The Kunsthistorisches Museum was built over a 20-year period, between 1871 and 1891. The filigree ceilings, the stunning materials, and the tasteful decor is really something to see. I kept catching myself staring at the ceiling or the beautiful columns, instead of the artwork in front of me. Here you'll find the Habsburg collections, the most important of which are the Egyptian and Near Eastern Collection, adorned with huge bundles of papyrus, columns, Egyptian wall decorations, windows and other ornaments. But the collection of Greek and Roman antiquities is also well worth a visit, as is the gallery with works by Brueguel, Vermeer, Sanzio, Tintoretto and many other masters from the 15-19th centuries. And finally, you can finish your visit with a great Viennese coffee and a delicious piece of apple strudel at the cafe beneath the dome, framed by some stunning Gustav Klimt drawings. Unforgettable.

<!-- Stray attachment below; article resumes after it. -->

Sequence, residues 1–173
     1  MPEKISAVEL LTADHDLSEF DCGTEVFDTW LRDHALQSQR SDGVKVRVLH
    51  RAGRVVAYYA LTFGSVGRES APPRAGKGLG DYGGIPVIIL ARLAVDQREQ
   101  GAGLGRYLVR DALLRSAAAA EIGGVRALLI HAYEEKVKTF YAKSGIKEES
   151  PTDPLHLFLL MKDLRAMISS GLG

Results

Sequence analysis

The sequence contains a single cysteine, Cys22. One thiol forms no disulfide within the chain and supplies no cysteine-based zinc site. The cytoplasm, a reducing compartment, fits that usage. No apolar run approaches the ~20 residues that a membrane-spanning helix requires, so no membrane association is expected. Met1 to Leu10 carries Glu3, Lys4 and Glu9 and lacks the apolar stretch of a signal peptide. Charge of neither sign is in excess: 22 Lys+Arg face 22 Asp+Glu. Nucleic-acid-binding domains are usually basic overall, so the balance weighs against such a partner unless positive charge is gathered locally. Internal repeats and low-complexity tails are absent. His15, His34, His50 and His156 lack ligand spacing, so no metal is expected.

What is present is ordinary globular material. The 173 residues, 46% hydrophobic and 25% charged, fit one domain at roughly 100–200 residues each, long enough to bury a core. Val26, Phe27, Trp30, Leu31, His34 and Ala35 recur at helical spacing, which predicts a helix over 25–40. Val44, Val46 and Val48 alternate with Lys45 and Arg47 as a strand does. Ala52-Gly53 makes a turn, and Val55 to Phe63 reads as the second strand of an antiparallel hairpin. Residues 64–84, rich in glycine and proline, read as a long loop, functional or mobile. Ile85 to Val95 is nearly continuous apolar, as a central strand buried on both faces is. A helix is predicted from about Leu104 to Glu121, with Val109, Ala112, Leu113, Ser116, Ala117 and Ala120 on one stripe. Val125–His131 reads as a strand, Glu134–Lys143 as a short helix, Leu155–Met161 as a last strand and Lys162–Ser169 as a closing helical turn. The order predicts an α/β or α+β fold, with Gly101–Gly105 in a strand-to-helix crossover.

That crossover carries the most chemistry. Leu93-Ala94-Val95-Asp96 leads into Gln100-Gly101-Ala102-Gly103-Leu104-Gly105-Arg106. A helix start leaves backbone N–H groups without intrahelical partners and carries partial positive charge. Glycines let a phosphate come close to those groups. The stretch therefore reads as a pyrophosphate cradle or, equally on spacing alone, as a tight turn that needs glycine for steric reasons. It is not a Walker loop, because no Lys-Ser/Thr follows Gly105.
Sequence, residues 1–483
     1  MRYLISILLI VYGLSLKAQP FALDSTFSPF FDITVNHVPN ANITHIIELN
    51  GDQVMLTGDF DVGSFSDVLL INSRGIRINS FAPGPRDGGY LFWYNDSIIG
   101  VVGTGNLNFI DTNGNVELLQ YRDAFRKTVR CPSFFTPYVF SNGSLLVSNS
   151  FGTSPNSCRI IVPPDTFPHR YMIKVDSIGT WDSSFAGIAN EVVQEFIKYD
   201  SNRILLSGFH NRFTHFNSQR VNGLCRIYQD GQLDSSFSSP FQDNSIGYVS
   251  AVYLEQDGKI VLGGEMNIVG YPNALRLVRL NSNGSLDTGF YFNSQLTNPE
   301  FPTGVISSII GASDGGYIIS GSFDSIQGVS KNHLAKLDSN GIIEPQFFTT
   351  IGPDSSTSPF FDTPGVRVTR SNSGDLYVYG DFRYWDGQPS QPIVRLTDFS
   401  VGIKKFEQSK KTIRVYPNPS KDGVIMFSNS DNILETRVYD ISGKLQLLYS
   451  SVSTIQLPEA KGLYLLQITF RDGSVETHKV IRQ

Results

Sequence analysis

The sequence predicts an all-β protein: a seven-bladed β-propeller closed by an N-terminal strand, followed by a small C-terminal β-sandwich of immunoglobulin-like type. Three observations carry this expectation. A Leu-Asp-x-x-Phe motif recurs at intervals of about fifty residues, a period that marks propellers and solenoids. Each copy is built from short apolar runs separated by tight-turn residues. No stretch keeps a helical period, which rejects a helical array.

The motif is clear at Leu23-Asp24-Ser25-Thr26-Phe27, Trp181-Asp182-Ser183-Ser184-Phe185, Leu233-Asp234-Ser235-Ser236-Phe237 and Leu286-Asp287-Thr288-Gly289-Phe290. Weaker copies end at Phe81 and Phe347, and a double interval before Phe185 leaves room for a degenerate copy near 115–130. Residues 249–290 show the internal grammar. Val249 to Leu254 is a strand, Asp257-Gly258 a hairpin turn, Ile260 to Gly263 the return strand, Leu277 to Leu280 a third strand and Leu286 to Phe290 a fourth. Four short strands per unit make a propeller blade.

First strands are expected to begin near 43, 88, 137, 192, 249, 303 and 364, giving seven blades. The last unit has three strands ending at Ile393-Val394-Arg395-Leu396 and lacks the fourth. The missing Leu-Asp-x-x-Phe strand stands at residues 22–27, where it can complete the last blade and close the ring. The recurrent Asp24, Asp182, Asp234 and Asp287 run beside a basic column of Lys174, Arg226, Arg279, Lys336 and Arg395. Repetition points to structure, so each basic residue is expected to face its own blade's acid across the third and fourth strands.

It is a unique building and it´s worth taking a look at it´s exterior. It is interesting to go inside, although the main reason would be to look at the work of Gustav Klint. Photographs are no alloweed and also the entrance is quite expensive just to see Gustav Klint's mural located on the top of a room.
If you like modern art, or Art Nouveau in France and Modernism in Spain, then you shouldn't miss the magnificent works of the Secession in Vienna with one of its greatest artists, Otto Wagner, the architect ve built the Karlsplatz Pavilion at the entrance to the metro in the plaza.
The Museum is located in the geographical heart of the Black Forest watch and clock-making industry. The Museum houses a collection of 150 old clocks and is said to be the most comprehensive collection of its kind in the world, and which provides a deep understanding of the history, traditions and culture of watchmaking Black Forest.